Steinberg also closes by saying, "Still, no one is ready to count out [Fox News' founder and chairman, Roger] Ailes, or Fox News. 'The proof is going to be once the political season is over,' [senior vice president of research at ad buying agency Horizon Media, Brad] Adgate said. “Can CNN sustain the momentum they have?' Or, to put it in political terms, he added, 'Is this going to have coattails?'”

In response, Fox News latched on to a short piece posted back in April by Radar Online, in which they pointed out rumours circulating about bad blood between Times television editor Steve Reddicliffe and News Corp, which owns Fox News, and at the time owned Reddicliffe's former employer TV Guide: "[I]t's got nothing to do with the supposed ideological differences between the liberal Times and conservative Fox; this grudge, say the blogs, is personal. 'It seems like [Reddicliffe] is still bitter about losing his gig at News Corp ... owned TV Guide,' says FTVLive. Circulation fell 40 percent at TV Guide while Reddicliffe was there and he was let go, only to be scooped up by the Times in 2004, the site recalls."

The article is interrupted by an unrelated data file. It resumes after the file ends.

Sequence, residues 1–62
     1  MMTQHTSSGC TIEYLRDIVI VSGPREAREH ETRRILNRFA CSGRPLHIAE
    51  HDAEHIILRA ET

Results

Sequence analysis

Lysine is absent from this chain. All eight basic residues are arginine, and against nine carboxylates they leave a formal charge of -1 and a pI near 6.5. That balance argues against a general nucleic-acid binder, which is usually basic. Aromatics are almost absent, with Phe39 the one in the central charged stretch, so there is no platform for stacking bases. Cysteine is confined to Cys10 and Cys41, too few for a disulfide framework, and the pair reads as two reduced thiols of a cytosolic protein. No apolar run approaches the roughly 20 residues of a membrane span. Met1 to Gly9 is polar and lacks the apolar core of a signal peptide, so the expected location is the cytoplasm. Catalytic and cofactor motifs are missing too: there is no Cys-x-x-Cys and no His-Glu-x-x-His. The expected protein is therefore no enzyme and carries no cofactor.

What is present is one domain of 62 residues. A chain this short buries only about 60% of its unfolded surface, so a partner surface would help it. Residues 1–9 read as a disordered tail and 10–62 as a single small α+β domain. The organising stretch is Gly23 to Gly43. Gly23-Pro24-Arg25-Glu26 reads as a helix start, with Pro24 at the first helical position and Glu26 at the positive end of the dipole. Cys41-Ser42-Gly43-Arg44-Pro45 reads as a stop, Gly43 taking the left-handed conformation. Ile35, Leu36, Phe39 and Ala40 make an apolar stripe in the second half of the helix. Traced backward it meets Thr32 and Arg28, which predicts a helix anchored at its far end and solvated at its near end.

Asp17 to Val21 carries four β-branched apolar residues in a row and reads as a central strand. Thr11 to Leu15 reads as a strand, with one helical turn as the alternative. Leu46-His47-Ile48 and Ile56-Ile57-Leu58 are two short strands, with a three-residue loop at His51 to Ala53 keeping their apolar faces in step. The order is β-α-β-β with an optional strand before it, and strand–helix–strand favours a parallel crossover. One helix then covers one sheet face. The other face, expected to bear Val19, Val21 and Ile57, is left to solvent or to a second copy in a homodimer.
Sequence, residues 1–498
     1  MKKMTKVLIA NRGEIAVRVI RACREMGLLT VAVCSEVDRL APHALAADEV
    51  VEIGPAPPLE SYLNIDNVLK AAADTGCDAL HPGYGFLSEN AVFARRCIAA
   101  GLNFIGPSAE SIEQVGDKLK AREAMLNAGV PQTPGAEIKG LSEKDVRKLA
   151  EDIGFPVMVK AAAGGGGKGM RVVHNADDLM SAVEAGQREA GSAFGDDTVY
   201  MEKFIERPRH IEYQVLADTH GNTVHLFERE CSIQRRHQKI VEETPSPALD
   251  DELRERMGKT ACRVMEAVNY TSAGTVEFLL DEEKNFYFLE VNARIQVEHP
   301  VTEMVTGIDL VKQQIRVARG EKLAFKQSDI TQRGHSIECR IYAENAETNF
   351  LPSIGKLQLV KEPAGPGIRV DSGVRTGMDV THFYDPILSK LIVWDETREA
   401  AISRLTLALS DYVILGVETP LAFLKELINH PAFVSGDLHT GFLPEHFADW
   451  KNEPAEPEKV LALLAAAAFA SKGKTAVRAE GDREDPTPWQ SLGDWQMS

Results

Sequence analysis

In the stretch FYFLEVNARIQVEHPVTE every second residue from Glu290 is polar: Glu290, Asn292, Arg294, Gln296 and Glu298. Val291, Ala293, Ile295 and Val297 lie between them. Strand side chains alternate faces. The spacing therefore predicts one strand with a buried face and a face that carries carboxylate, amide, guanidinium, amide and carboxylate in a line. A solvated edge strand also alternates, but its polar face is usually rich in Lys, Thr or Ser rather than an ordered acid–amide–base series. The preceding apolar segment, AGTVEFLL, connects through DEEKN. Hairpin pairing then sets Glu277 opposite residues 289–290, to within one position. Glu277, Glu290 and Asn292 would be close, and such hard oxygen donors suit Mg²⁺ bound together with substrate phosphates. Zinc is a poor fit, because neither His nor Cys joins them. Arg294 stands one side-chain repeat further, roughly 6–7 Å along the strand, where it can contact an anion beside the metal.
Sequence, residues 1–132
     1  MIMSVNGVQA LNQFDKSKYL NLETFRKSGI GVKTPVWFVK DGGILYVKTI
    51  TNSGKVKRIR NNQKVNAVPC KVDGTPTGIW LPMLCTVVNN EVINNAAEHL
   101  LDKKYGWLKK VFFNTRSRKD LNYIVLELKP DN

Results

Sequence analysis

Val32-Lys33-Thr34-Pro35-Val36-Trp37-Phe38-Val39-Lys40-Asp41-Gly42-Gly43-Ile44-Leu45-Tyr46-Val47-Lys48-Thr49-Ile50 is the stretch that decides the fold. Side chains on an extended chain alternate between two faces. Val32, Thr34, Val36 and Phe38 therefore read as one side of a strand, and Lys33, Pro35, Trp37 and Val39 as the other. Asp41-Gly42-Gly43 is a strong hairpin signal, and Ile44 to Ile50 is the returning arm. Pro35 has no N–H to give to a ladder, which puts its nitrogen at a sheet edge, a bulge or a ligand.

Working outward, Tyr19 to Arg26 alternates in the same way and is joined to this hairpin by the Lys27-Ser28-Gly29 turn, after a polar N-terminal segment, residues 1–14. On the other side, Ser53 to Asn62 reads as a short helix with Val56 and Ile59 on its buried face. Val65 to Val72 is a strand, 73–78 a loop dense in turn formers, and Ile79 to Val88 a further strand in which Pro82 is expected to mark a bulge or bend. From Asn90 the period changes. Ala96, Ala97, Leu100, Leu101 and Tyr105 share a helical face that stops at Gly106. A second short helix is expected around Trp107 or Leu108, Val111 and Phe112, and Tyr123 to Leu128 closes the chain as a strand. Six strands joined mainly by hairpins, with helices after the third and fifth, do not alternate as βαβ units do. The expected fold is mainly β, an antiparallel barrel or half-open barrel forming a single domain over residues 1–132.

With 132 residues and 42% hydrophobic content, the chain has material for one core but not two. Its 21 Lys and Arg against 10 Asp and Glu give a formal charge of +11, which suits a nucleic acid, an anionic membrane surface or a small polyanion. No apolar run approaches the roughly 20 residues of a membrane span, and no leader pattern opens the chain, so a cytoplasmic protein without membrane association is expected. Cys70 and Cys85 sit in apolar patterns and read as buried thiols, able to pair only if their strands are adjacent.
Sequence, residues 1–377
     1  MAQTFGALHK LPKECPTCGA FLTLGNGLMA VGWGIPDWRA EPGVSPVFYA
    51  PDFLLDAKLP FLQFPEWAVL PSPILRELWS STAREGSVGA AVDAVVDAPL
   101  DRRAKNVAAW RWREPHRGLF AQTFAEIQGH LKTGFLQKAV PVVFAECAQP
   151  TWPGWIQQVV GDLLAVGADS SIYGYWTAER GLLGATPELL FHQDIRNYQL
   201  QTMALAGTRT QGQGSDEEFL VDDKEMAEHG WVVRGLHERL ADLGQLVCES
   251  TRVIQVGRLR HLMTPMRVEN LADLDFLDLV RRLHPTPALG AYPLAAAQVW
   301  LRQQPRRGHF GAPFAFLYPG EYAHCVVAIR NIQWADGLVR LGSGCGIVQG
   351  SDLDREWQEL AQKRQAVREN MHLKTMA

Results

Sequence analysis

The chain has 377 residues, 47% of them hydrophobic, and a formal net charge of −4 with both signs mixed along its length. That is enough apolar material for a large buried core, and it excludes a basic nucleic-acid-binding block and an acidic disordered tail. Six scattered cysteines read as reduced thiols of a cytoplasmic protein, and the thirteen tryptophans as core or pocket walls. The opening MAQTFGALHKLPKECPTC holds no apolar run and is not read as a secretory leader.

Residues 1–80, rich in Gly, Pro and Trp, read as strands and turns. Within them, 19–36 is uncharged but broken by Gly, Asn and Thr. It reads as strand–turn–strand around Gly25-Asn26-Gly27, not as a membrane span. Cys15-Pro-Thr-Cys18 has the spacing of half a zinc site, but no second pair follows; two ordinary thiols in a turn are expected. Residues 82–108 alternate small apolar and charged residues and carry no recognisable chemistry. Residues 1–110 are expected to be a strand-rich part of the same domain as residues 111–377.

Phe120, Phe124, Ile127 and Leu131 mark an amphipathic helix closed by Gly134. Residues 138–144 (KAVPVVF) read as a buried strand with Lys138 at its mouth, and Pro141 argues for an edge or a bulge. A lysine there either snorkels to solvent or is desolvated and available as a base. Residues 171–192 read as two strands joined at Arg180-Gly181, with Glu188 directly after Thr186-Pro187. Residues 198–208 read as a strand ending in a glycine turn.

However, in their April posting, Radar took the rumours with a healthy dose of salt: "The suggestion that an editor has acted out a three-year-old grudge against an arm of the parent corporation which fired him seems like a bit of a stretch, but if you consider that he's probably yet to earn at the Times what he made in a single year at TV Guide, you've got yourself a neat little conspiracy theory. Although he could have just hated News Corp. all along, like the rest of us," they concluded.

Fox used this story to attack Steinberg's ratings piece on their always amazing morning show Fox & Friends (you can watch it here in New Zealand in the wee smalls on Prime TV, if you find yelling at your television an effective cure for insomnia). Watch this:

So, for one thing, they took the Radar piece on Reddicliffe completely out of context in order to attack a piece written by a different journalist altogether (Radar responds here). But wait, there's more - Media Matters looked into it, and found these interesting examples of obvious photo manipulation, embiggening noses, embaldening hairlines, yellowing teeth, etc:

A later New York Times piece reported that, "A spokeswoman said the executive in charge of “Fox and Friends” is on vacation and not available for comment but added that altering photos for humorous effect is a common practice on cable news stations."